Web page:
Steven Galle v. Isle of Capri Casinos – Galle filed suit against the Isle of Capri for wrongful termination. The trial court granted summary judgment for the casino and the Miss. Ct. of Appeals reverses “as it is uncontested that Galle was
terminated after reporting to the Mississippi Gaming Commission that the Casino had him managing the poker room without a required license. Moreover, the trial court erred in going beyond the motion for summary judgment to dismiss Galle’s other causes of action.” Galle started working in the poker room of the Isle of Capri in 05. He was promoted to poker room manager by 2008 but that position required a “key employee license” from the Gaming Commission. Galle was denied such a license because he failed to disclose a 1994 arrest on the application. He was nominally demoted o supervisor. In 2011, Galle was issued a new ID badge by the casino that identified his position as “manager.” Galle claimed he brought this to his superiors’ attention, but he was told to wear it anyway. A few months later, a Gaming Commission inspector noticed Galle’s badge and the Commission sent a letter to the casino alleging that Galle was illegally acting as manager and demanding that it remove him from that role. The Casino subsequently fired Galle for allegedly misrepresenting his position. Galle represented himself throughout.
Dareous Rico Bryant v. State – Bryant was convicted of murder after a series of fights broke out during his birthday celebration at the Bee Hive Club in Shuqualak and Bryant was alleged to have shot one of the combatants, Lamarco Tate, after Tate punched Bryant’s brother. Bryant raises sufficiency of the evidence. He also alleged during his motion for new trial that there was jury tampering. When the jury was initially polled, one of the jurors voted not guilty. The jury was sent back in and came back unanimous. At the hearing on the motion for new trial, the bailiffs who supervised the jury were questioned and could not identify any extraneous influences. The Ct. of App. affirms.
Darryl Tillis v. State – Tillis was convicted of murder. He met up at a Jackson gas station with Michael Olowo-Ake to consummate a drug deal. There was an argument about the quality of the drugs and Olowo-Ake was shot and killed. Tillis argued that the shooting was an accident that happened when Olowe-Ake pulled out a gun, Tillis grabbed it to protect himself, and as Olowe-Ake fought to get the gun back and Tillis was restraining him, the gun went off twice. Among the issues, the state called the coroner and not a pathologist to testify. She testified that the manner of death was homicide. Tillis objected to her qualifications to testify as well as the fact that the State argued to the jury that the homicide ruling ruled out accidental death even though there is a difference between the medical meaning of homicide and the legal meaning of homicide and, thus, the jury was left with the notion that the state’s expert had ruled out an accidental shooting when this was not the case.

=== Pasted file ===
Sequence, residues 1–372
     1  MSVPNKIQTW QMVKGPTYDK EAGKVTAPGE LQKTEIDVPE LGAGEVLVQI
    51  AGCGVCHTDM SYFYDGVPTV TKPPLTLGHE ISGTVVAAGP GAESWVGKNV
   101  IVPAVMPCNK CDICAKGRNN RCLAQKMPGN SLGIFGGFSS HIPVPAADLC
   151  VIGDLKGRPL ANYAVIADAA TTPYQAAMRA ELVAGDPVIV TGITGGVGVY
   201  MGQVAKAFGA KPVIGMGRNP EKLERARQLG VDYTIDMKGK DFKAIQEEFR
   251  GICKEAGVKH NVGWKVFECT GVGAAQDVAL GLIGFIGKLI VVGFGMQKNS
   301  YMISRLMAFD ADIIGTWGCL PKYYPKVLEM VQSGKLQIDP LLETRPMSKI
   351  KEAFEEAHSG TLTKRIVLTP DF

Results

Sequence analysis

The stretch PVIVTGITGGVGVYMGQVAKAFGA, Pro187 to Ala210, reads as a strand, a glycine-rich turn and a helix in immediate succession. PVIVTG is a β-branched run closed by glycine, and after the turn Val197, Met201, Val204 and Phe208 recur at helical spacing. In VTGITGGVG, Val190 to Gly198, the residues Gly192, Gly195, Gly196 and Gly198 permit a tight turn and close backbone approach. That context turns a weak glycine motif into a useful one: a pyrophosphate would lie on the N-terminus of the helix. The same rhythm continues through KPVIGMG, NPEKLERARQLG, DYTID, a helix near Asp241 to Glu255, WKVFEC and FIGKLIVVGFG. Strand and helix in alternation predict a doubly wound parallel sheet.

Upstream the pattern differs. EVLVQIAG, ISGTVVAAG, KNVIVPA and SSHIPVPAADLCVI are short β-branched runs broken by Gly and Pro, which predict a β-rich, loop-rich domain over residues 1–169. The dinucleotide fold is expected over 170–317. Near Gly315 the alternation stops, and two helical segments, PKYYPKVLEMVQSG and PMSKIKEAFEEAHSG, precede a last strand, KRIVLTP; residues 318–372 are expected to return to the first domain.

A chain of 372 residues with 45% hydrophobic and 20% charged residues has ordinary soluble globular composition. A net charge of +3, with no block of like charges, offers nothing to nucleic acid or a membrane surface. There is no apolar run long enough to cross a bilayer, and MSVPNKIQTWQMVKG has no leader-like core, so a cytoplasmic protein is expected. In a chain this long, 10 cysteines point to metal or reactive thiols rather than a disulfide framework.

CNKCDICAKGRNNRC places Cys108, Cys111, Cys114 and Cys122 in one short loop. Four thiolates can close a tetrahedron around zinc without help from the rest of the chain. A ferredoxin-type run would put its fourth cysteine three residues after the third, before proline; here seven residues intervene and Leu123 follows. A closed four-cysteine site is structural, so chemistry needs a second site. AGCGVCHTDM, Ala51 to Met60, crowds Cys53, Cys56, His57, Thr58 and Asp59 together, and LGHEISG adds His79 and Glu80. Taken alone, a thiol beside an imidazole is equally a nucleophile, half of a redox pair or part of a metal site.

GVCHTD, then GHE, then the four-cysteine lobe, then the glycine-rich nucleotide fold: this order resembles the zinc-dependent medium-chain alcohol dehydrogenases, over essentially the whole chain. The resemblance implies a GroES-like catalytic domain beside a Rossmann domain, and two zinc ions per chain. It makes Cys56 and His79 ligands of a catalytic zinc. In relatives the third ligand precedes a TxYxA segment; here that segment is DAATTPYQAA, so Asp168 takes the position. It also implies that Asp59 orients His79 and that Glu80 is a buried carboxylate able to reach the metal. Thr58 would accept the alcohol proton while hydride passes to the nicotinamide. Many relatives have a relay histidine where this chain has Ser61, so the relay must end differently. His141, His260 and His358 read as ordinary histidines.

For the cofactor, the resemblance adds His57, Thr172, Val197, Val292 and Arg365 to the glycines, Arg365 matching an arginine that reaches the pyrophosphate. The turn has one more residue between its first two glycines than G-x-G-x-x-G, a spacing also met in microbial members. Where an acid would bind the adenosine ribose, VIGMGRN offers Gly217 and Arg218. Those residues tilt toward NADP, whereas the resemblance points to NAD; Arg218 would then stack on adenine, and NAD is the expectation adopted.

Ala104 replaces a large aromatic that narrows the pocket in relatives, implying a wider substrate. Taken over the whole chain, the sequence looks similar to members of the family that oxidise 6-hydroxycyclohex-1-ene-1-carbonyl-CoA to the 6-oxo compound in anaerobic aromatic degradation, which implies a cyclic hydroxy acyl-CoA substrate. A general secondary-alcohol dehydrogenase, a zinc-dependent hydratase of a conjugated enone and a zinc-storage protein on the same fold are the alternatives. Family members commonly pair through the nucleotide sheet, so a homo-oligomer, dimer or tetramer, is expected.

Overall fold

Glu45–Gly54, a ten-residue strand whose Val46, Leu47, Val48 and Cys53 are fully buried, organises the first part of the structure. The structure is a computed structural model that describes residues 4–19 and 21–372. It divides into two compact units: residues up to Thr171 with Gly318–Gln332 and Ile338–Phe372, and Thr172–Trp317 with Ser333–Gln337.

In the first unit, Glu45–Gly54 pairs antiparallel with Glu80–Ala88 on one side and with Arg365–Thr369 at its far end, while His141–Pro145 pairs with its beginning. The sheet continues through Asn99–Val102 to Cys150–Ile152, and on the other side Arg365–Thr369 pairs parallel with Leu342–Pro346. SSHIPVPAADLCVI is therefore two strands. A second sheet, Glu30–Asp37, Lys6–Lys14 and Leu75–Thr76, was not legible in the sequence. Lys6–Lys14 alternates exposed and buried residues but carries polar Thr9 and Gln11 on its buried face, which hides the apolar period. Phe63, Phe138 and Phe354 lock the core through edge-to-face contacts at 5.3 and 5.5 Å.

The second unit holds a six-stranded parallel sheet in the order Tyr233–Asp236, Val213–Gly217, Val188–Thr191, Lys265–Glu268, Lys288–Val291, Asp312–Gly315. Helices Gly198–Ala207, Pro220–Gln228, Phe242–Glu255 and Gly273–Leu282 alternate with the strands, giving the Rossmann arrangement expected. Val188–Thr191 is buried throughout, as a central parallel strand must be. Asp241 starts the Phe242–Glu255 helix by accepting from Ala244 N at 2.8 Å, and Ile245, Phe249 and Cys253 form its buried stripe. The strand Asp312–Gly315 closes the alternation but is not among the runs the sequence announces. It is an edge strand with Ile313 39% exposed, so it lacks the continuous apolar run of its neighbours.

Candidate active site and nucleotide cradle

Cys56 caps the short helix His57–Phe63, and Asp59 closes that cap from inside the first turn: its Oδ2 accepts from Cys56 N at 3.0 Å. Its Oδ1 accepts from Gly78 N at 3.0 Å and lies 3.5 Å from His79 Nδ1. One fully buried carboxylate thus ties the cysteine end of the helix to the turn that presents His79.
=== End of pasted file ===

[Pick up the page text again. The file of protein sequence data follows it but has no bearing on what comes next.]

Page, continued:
Summerlin v. Eldridge – custody modification – Tamara and Mike were divorced in 2011. Mike was awarded custody of the eldest daughter Madison while Tamara got custody of the two youngest daughters Haley and Grace. Three months later Tamara filed a motion to modify custody asking to exchange Grace for Madison. Mike agreed and an order was signed. More litigation followed. Eventually the chancellor awarded custody of all three to Mike after finding that there was a material change in circumstances in that Tamara married Del, she relocated with Del to Alabama, Tamara and Del had interfered with Mike’s visitation, etc. Tamara’s oldest daughter testified that Del had verbally attacked everyone on the house. In 2012, he confronted Madison about her desire to live with Mike. He stormed out of the house and Tamara locked herself and the kids on and kept a loaded firearm by her bed. The Miss.Ct. of Appeals affirmed the modification of custody.